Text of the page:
Maine Smells Good To Me
My Grandmother, Dora Gilbert, used to freeze her garbage. This was in the days before garbage disposals, so there was a lot to freeze. But she didn’t let that intimidate her. For Dora, freezing garbage was more than just a way to keep it from stinking. It was an art form. I can see my grandmother now, standing in her immaculate kitchen, a little Franco-American woman with permed gray hair, full make-up, a house dress, nylon stockings, sensible shoes, and a bib apron, carefully wrapping her garbage in little foil packets.
‘Course there’s nothing really unusual about freezing garbage. Not in my family, anyway. We all freeze our garbage. Having a garbage disposal doesn’t really make a difference, because there are always things that you can’t put down the disposal: lobster shells, banana peels, and the like. Even my niece Caitlin, who composts, freezes her garbage until it’s time to bring it out to the compost bin in her back yard.
By now you’re thinking OCD, right? Or at the very least, Felix from “The Odd Couple”? It’s not that my family is compulsively neat (though we are tidy). It’s just that all the women in my family have a heightened sense of smell.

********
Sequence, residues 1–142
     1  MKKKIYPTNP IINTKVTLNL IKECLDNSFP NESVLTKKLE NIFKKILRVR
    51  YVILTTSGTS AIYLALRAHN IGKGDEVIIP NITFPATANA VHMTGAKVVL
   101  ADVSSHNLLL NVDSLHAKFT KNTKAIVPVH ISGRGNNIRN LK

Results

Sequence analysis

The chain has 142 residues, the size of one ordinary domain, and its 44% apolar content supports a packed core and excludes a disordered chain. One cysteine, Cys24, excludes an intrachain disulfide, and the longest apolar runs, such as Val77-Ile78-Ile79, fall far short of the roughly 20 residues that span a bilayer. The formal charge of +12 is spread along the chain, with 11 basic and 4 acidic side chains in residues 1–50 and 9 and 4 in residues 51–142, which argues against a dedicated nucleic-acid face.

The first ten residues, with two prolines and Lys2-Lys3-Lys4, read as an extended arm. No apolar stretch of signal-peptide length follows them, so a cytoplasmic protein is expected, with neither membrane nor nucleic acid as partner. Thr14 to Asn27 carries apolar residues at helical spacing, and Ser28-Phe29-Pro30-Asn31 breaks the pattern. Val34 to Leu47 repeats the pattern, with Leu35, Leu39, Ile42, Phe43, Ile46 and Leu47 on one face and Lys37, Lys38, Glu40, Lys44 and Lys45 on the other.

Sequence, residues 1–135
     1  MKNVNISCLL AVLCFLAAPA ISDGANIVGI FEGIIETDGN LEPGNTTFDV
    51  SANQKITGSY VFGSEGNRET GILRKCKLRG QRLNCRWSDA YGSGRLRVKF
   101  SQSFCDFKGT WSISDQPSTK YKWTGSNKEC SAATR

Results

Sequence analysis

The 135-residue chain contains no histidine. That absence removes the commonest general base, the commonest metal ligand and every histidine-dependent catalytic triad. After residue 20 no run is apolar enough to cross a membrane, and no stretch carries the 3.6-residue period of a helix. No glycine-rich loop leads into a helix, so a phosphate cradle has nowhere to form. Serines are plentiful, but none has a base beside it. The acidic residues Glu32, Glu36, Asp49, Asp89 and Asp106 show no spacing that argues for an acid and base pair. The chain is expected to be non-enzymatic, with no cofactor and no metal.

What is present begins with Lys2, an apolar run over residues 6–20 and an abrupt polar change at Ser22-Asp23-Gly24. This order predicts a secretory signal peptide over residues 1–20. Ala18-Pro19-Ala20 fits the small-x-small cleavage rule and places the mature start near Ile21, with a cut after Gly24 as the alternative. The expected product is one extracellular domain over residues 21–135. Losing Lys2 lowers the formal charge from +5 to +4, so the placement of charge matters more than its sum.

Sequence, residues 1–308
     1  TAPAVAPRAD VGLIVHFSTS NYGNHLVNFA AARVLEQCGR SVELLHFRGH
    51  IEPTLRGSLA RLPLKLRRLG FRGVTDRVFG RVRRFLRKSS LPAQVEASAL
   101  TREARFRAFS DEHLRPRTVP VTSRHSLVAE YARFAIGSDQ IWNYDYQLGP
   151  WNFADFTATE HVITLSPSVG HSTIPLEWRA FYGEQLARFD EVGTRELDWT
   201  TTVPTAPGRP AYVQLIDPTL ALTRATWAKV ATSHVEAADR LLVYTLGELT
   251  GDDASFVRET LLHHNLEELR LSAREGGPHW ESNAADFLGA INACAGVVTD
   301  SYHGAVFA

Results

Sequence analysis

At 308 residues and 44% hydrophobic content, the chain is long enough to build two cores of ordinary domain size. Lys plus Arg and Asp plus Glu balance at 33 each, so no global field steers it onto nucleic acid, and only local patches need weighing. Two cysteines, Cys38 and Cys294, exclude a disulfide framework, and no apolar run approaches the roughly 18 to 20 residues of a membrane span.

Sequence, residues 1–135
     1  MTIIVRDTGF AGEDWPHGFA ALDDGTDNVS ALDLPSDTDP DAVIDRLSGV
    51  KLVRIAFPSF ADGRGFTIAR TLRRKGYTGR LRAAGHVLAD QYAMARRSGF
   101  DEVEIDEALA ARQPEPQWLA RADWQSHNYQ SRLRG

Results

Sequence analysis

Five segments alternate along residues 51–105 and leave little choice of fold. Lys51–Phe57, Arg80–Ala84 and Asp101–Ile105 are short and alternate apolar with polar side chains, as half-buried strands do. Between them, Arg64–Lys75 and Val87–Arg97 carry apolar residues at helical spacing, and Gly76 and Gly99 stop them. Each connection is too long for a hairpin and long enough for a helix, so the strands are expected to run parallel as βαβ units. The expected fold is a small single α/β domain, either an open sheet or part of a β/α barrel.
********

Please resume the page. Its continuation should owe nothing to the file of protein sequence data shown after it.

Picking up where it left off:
At times, it can be debilitating. Like when a person sitting close to me in the movie theater has on too much perfume, and I simply have to change seats. Heck, I get weak-kneed if I smell spoiled food, and I live in fear of being sprayed by a skunk. I seriously don’t believe I could survive it. Cause of death: olfactory overload.
Conversely, my husband, Charlie, can’t smell anything. Why he hasn’t died of food poisoning is beyond me. God knows, I try to keep our refrigerator cleaned out, but as I’ve learned many times, perfection is elusive. Tupperware has a way of migrating to the back of the shelf, then out of my memory altogether. Or, I’ll make a recipe that calls for 6 ounces of ricotta cheese, which only comes in an 8-ounce container. So of course, the remaining two ounces gets put in the fridge, where it hides, gestating.
Makes me nervous. I’ll walk into the kitchen and see Charlie scarfing down something. “What are you eating?” I ask.
“Some of that chili you made.”
“Charlie, that’s been in there for a week and a half!”
He just shrugs. “Seems fine to me.”
“You, Mister, are going to end up in the emergency room some day.”
His response is always the same: “Ain’t happened yet.”
But, as disgusting as the stench of life can be, it’s worth the gagging to be able to have the good smells: sheets fresh from the line, the top of a baby’s head, lilacs in the Spring, cookies baking in the oven. Our little dog Scamp smells like sunshine, optimism, and unconditional love (Well, most of the time, anyways). Then there’s new-mown grass, furniture polish, coffee, bacon, and Charlie. Because even when he doesn’t smell good, Charlie smells good to me.
That’s it for now. Catch you on the flip side!
(Listen to the podcast of Ida's column here.)